Do your research, get an inspection, and keep an eye out for red flags.
Shopping for a used car can be stressful. Not only is it a big purchase, but you want a good deal on a safe and reliable vehicle that won’t require expensive repairs. To help you out, here are 11 car-buying tips you should know before you head to the dealer.
(Note that we’ve offered tips for buying a used car from an individual. We know some people like to work with a dealership instead, though, and this guide is aimed at those shoppers.)
Research Used Cars and Prices
You can view local available cars in classifieds and through sites like Edmunds and Cars.com, according to Jeff Ostroff, consumer advocate and founder of CarBuyingTips.com.
Edmunds has a True Market Value (TMV) pricing tool that shows you what other people in your area have paid for a car, as well as an app with the TMV tool, car calculators, and other useful tools. To help find a reputable dealership, you can read Edmunds reviews of area dealerships.
Ostroff also recommends visiting eBay to lay the groundwork for later negotiations. “Knowing how much the car has sold for [in the] last 30 days on eBay gives you a great haggling advantage because many dealers sell on eBay, so showing them what other dealers have sold this car for this month means they can’t use smoke screens to trick you into a higher price,” he says.
Know What Questions to Ask
Before heading to the dealership or contacting someone who is selling a used car, be prepared to ask the right questions. Edmunds offers a helpful used car questionnaire.
To help determine a price range, Edmunds also has a handy “How Much Car Can I Afford?” calculator that takes into account the cash down payment, possible trade-in value, and how much you may owe on your old car.
However, Ostroff says selling your car yourself can increase your profit and help you avoid potential scams. “They (dealerships) offer you $4,000 to $6,000 below market value for your trade-in,” he says. “We suggest selling it yourself to maximize sales proceeds. Combining the two transactions of trade-in and purchase give them more tricks and smoke screens to pull on you.”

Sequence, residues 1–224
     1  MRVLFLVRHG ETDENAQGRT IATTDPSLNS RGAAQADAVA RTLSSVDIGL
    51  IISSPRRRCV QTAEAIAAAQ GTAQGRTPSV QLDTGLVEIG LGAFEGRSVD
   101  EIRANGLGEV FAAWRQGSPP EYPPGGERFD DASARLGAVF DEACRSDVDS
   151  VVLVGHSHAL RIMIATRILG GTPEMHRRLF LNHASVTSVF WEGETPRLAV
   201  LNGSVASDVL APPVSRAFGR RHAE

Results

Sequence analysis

If you’re taking out a loan, keep in mind that banks typically won’t give loans for cars that are more than four or five years old, and the APR for used car loans tends to be at least 2% higher.
Ask About Fees
Whether you’re buying from a dealership or an individual, make sure to budget for all the necessary costs. “There are certain fees that everyone has to pay when buying a car — things like [sales] tax, registration, documentation fees,” says Ron Montoya, senior consumer advice editor at Edmunds, which also has a car-buying fees chart. “Always ask for a breakdown of the fees,” Montoya says. “Don’t be afraid to ask if you don’t recognize a fee.”
Don’t Forget Car Insurance
Many dealerships require proof of insurance before selling you the car, Montoya notes. When buying a used car from an individual, remember that you’ll need to be insured before you drive it.
Run a Vehicle History Report
Once you have the car’s vehicle identification number, or VIN, you can run a vehicle history report with companies like CARFAX and AutoCheck. If a dealer or seller is reluctant to provide the VIN number, consider it a red flag.
While there are visual tip-offs that the car might not be in the best condition — for example, new carpeting might indicate the car was in a flood — a vehicle history report will reveal the car’s accident history and whether it has a salvage title (meaning it’s been declared a total loss by an insurance company).
The report will also show if the odometer has been rolled back — something that happens a lot. CARFAX reports that almost 200,000 cars are rolled back each year, while the National Highway Traffic Safety Administration estimates that over 450,000 vehicles with false odometer readings are sold each year.
Have the Car Inspected
Even if you ran a vehicle history report, it’s still important to have the car inspected by a mechanic to find potential issues, such as leaks, and to determine if the car has been in an unreported accident.
Some companies do mobile checks, where an inspector looks at the car on-site. However, Ostroff recommends an inspection at a shop, where the mechanic can put the car on a lift to look for damage underneath the car.
“Seeing the car from underneath will show any damage that was not repaired,” he says. “Body shops often don’t fix the parts of the car that you cannot see.” Ostroff estimates an inspection costs $50 to $100. While some shoppers skip this step to avoid the cost, it could save you a lot of money in repairs in the long run.